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Missouri And Texas Brawl For “Most Conservative” Title

A Missouri Republican lawmaker is not content with just banning abortion in her state, she believes it is her duty to take it one step further, hoping to abolish it completely in the nation.

Since Missouri passed one of the country’s strictest abortion laws in 2019, residents have been opting to take a hike up north to Illinois where they can safely visit an abortion clinic.

State Rep. Mary Elizabeth Coleman, a prominent antiabortion lawmaker in Missouri, is appalled by the number of Missouri residents who seek this loophole and believes she has found a solution.

The unusual new provision introduced by Coleman would allow private citizens to sue anyone who helps a Missouri resident obtain an abortion out of state, using the novel legal strategy behind the restrictive law in Texas that since September has banned abortions in that state after six weeks of pregnancy, as reported by The Washington Post.

“If your neighboring state doesn’t have pro-life protections, it minimizes the ability to protect the unborn in your state,” said Coleman.

The measure targets anyone even tangentially involved, from the hotline staffers who help make the appointment to the doctors who handle the procedure. It would also make it illegal to manufacture, transport, and possess abortion pills in Missouri.

The need to tackle conservative items in the utmost radical way possible is not a new trend for Republican lawmakers. Banning doesn’t cut it anymore, there must always be some kind of witch hunt involved for them to feel triumphant.

For example, a few years back, a GOP Texas lawmaker unsuccessfully tried to make abortion punishable by the death penalty.

In 2019, Texas Rep. Tony Tinderholt  introduced the “Abolition of Abortion in Texas Act,” or House Bill 896, to “protect the rights of an unborn child.” A bill that would remove the exception for abortion in the state’s penal code for criminal homicide, meaning women who received an abortion and physicians who perform the procedure could be charged with assault or homicide which is punishable by death in Texas.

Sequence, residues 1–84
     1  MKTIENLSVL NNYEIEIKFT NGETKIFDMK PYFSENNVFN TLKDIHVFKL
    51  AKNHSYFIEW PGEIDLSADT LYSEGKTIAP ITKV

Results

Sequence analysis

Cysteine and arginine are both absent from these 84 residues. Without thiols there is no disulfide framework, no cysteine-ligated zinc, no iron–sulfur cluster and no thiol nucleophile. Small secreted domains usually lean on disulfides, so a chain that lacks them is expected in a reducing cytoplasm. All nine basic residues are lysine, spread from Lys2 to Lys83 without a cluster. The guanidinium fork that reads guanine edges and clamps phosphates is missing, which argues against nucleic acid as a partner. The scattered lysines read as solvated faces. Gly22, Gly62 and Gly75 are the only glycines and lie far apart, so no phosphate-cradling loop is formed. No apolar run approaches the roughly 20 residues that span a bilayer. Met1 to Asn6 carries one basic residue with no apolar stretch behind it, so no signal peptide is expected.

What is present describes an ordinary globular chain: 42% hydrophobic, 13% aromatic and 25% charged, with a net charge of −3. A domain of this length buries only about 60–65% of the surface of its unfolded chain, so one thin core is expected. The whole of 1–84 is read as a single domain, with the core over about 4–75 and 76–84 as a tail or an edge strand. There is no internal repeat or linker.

Tinderholt had already introduced a similar bill in 2017 but had to be put under the protection of the Texas Department of Public Safety after receiving death threats.

Both bills eventually died in the committee.

For Coleman’s law, it’s probably just a matter of time. Abortion rights advocates will not go down without a fight.

They are arguing the measure is unconstitutional because it would effectively allow states to enact laws beyond their jurisdictions.

Elizabeth Myers, an attorney for Texas abortion rights groups said states cannot regulate activities beyond their borders.

“A state’s power is over its own citizens and its own geographical boundaries,” Myers said. “These are limits imposed by the federal constitution and federal law.”

However, she said it still might succeed in deterring out-of-state abortions. Like the Texas abortion law, it can have a chilling effect, paralyzing doctors who fear there might be legal repercussions, even before the courts have an opportunity to intervene.

For the time being, Coleman takes a lead amongst her Republican companions as one of the most radical conservatives in the nation. Taking her place on the podium alongside, Texas Gov. Greg Abbott with his “anti-gender-affirming care” persecution of Transgender kids families and Florida Gov. Ron DeSantis’ LGBTQ+ “Don’t say gay bill.”

Olivia Cappell from Planned Parenthood said it best: “This is bonkers.”

RA Staff
RA Staff
Written by RA News staff.


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